Somehow Lester manages to capture the essence of those little yappy, self-important dogs that love to annoy other animals on a farm by barking at them. My Storytime children adored this book. It has lots of animal noises for them to join in with, as well as some sly humour for the listening mums and dads. I loved the double page map of the farm, showing Bigsy’s journey, and the double page spread of Bigsy, with all his interesting bits labelled. A special book for any special youngster, especially dog-lovers.
The Umbrella by Ingrid and Dieter Schubert, published by Book Island (2015). (I introduced Book Island here.)
It's a windy, autumn day when a little dog discovers a bright red umbrella in the garden. The umbrella, like a magic carpet, whirls him up into the air and sails him across the world, over continents and oceans, the tropics and polar regions ...
This wordless picture book opens children’s minds to all sorts of possibilities and stories. In my observation, it can be difficult for illustrators to strike the right balance in such a picture book. What balance? There needs to be an identifiable narrative, as well as an opener to several interpretations within that narrative. Some books require intense scrutiny before the narrative can be identified at all - most readers won’t persevere for a long time. The Umbrella is special because it gets this balance exactly right.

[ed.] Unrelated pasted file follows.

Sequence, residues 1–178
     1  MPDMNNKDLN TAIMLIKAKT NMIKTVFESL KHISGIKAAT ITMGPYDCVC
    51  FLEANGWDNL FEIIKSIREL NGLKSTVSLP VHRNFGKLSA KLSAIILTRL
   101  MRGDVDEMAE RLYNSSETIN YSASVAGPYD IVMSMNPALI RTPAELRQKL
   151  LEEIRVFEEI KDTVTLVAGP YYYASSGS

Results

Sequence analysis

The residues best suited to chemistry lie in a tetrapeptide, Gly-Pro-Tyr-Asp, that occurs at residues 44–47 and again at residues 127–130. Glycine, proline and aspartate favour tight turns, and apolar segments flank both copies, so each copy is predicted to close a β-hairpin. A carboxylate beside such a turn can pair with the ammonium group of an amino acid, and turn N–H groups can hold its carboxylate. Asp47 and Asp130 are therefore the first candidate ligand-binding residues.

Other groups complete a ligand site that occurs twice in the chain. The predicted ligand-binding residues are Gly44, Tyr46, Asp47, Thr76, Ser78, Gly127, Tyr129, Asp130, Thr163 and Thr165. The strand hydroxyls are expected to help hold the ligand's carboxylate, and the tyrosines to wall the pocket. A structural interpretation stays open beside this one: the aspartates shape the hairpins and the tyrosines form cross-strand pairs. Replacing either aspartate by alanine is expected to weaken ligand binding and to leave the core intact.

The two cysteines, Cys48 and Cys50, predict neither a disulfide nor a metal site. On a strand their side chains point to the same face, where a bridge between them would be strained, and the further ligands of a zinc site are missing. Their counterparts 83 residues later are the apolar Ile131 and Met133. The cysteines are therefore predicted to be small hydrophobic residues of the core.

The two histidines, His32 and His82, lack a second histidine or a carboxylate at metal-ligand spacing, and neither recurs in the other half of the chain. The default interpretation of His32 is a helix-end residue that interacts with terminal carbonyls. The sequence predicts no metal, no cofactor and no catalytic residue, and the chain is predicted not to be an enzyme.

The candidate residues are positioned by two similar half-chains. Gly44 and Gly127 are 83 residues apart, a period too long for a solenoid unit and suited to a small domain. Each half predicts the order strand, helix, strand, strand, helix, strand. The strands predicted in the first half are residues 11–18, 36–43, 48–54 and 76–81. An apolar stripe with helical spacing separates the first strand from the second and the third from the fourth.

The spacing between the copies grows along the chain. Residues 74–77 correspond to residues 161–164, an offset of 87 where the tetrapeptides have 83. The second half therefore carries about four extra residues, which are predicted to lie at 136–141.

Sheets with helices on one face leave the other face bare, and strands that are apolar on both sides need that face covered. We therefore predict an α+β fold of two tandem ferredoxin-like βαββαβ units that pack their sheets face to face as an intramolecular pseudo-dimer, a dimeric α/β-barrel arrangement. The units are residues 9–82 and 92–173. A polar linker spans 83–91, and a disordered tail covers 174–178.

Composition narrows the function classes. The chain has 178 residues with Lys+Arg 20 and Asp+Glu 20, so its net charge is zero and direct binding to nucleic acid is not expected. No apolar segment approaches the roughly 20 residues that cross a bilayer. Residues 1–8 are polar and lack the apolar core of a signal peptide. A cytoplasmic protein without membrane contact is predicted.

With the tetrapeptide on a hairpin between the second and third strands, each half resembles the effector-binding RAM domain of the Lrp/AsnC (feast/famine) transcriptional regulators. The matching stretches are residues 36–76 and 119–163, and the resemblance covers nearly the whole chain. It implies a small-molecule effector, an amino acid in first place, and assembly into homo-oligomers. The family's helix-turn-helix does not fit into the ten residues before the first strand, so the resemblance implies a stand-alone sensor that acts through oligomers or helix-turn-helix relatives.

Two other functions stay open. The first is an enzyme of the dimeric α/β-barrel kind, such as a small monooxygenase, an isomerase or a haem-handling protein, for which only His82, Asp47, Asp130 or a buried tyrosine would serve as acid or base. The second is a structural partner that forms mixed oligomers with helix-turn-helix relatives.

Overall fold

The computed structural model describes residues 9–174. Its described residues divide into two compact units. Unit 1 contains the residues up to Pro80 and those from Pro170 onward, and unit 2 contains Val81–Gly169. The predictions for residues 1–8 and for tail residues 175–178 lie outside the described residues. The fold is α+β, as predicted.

Delve into Process Drama, using The Umbrella.
The Scarecrow’s Wedding by Julia Donaldson and Axel Scheffler, published by Scholastic UK, 2014. RRP: $Au 24.99.
Why is this picture book special? Donaldson and Scheffler are both high profile and successful in the world of children’s literature. Donaldson was Children’s Laureate in the UK from 2011 to 2013, and is probably best known for her book, The Gruffalo. But to me, a book should stand on its own merits and this one does.